My Ántonia is Willa Cather’s hymn to the prairie and the American frontier blazed by an influx of immigrants from Bohemia, Germany, Poland, and other eastern European countries. It is the story of Ántonia Shimerda’s life narrated by her childhood friend, Jim Burden, and closely hews to the story of Anna Pavelka, a Bohemian immigrant to Nebraska. As a child, Cather lived just two houses away from the Miner House where Anna was employed. It was Anna’s strong character and spirit that most attracted Cather, and in one later interview she described her friend as “big-hearted and essentially romantic” despite her often difficult life.
Cather lived in New York for most of her life, but it was to Nebraska that she always returned. A 1921 interview with the Omaha World-Herald noted that “Miss Cather is just that homey sort of a person who loves her friends—not social acquaintances—but friends. That’s why she has been coming back each year to Nebraska to visit her father and mother and her friends—to see the people and the things with which she is familiar.”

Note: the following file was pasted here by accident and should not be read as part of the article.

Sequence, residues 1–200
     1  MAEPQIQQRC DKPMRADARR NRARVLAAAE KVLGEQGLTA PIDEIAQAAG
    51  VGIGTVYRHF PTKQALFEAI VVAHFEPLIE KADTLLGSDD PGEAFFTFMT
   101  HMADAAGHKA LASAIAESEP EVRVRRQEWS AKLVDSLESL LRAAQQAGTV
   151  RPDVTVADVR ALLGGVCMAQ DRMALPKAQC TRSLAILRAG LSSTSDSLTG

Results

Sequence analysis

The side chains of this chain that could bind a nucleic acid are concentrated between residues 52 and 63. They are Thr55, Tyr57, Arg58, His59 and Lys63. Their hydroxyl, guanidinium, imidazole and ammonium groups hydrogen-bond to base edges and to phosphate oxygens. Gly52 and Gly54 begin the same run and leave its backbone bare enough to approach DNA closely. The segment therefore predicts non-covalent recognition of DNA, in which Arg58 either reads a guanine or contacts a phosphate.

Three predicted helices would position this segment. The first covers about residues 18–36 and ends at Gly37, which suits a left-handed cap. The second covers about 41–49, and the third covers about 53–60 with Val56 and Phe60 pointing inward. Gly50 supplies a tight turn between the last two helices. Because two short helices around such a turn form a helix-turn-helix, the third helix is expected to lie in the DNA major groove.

It was that intrinsic familiarity with the Great Plains and its people that prompted New England writer and friend, Sarah Orne Jewett, to encourage Cather to write about her childhood world. “You have to know the world so well before you know the parish,” Jewett advised, according to the Omaha World-Herald.
In late summer, Cather arrived in Red Cloud for an extended stay. She often visited Anna Pavelka at her family farmstead north of town and those visits, such as one in 1916, inspired Cather to include beautiful descriptions of the farmstead at the end of My Ántonia.